The Interrobang: Was he already working on Thor at this point?

Vivieno Caldinelli: He’d just filmed it. And it was funny because I think we were both feeling this uncertainty about how people would react to the tone of our movie. I mean he was turning Thor into a comedy and it was possible that some Marvel fans wouldn’t like it. He was literally editing and color correcting that film, so doing me this favor I think felt like a nice break from the pressure of that film for him. And he couldn’t be a nicer person and he’s so funny.

The Interrobang: Who came up with the voice he uses?

Vivieno Caldinelli: That was his idea. And it didn’t feel like I had another director when he was on set. He was just there to play and perform.

The Interrobang: Is it challenging to turn the creator part of your brain off and just work as an actor?

Kate Micucci: You just have to do it because of the speed you’re filming. We literally wouldn’t have had time to create new material on set so I needed to put all my trust in him. Otherwise you’ll just cause trouble.

Vivieno Caldinelli: But for me, having someone like Kate there, I have the opportunity to be a little vulnerable and I don’t have to constantly put up the façade that I know everything. I felt comfortable saying “I’m not sure this will work, but I’d like to try it.” So having all these creative people around me created a very safe environment for me. But it sounds strange, but I love working at this speed. Playing sports as a kid, I would hate it when there would be a time out because I just like to get up and go. And making something like this creates a pressure cooker that I find really fun and invigorating.

The Interrobang: Is that part of the reason you added the countdown?

Vivieno Caldinelli: Not consciously. I just thought of it as a way to separate the film into acts. But now I’m thinking about it as a way to build tension.

The Interrobang: Well, knowing we have to get to seven and seeing how things are escalating by five and six you wonder how you can possibly get to the ending.

Vivieno Caldinelli: That’s the aspect of the film I’m proudest of. Thinking where Sarah and Paul begin and where they end up is such a drastic arc. And then seeing how the pathos of Cartwright (Dan Harman) is just woven into the film. By the end of the film I’m just like “this poor man, he has nothing now.”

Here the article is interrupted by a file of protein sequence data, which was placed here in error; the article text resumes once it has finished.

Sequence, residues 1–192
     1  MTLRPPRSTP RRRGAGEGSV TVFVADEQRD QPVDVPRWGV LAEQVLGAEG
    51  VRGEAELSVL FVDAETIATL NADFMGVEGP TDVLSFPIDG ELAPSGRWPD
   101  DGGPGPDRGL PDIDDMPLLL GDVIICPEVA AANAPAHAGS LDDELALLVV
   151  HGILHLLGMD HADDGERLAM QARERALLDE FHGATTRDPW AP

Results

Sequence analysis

Kate Micucci: I love his performance in this. He just came in and improvised the whole time. He was so much fun to work with.

The Interrobang: And he seems familiar with detective shows and film noir so this must have been a blast for him.

Vivieno Caldinelli: Playing a detective was truly one of his dream jobs. He wanted to flip open the notepad and wear that trench coat.

Kate Micucci: The first day, when he shaved his mustache but they left his mustache on and came on set with that trench coat on, I was floored. He’s so perfect for that part.

Vivieno Caldinelli: And I was intimidated about working with him because he’s so hyper intelligent. And I don’t consider myself book smart, so I feared we’d have some kind of creative clash. But he couldn’t have been more collaborative, more fun to work with. Working with such a strong writer as a performer, he wanted everything he did to have a backstory, and I wasn’t used to that. But you can really see that motivation in his performance. Working with him and Mark McKinney was such a dream.

The Interrobang: You can see the influence of Kids in the Hall in this film I think.

Vivieno Caldinelli: The funny thing about Mark and Kids in the Hall is, their stuff seems to have lasted the longest, compared to something like Saturday Night Live. Because they never did anything about pop culture or current events, so nothing’s dated. It’s all this irreverent, character comedy that holds up so well to this day. Even Brain Candy stands the test of time. And it’s funny because when it first came on TV, I was a kid and didn’t get it, it flew over my head. But just before it got canceled I went back to it and realized how brilliant these guys really were. And I can now say that Mark and I have become friends, but I still nerd out a little and ask him about those times now and then.

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Lesley Coffin is a feature editor for FF2media and has also written the books Lew Ayres: Hollywood Conscientious Objector (2012) and Hitchcock's Stars (2014), and currently writing a third book. Follow on twitter @filmbiographer for thoughts on movies and cat pictures.
Lesley Coffin
Lesley Coffin
Lesley Coffin is a feature editor for FF2media and has also written the books Lew Ayres: Hollywood Conscientious Objector (2012) and Hitchcock's Stars (2014), and currently writing a third book. Follow on twitter @filmbiographer for thoughts on movies and cat pictures.